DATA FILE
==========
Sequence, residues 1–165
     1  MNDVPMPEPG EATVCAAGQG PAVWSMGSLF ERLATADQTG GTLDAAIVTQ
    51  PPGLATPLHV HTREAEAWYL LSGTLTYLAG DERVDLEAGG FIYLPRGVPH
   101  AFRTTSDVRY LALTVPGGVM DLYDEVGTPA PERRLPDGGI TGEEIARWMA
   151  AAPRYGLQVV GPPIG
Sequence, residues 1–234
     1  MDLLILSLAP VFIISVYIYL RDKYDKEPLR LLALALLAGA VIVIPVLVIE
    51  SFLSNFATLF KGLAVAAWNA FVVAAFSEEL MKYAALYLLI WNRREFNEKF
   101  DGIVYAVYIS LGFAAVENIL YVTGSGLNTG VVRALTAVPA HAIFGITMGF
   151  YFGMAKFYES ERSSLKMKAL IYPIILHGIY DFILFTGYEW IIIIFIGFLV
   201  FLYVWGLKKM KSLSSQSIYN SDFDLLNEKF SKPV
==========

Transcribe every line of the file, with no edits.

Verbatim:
Sequence, residues 1–165
     1  MNDVPMPEPG EATVCAAGQG PAVWSMGSLF ERLATADQTG GTLDAAIVTQ
    51  PPGLATPLHV HTREAEAWYL LSGTLTYLAG DERVDLEAGG FIYLPRGVPH
   101  AFRTTSDVRY LALTVPGGVM DLYDEVGTPA PERRLPDGGI TGEEIARWMA
   151  AAPRYGLQVV GPPIG
Sequence, residues 1–234
     1  MDLLILSLAP VFIISVYIYL RDKYDKEPLR LLALALLAGA VIVIPVLVIE
    51  SFLSNFATLF KGLAVAAWNA FVVAAFSEEL MKYAALYLLI WNRREFNEKF
   101  DGIVYAVYIS LGFAAVENIL YVTGSGLNTG VVRALTAVPA HAIFGITMGF
   151  YFGMAKFYES ERSSLKMKAL IYPIILHGIY DFILFTGYEW IIIIFIGFLV
   201  FLYVWGLKKM KSLSSQSIYN SDFDLLNEKF SKPV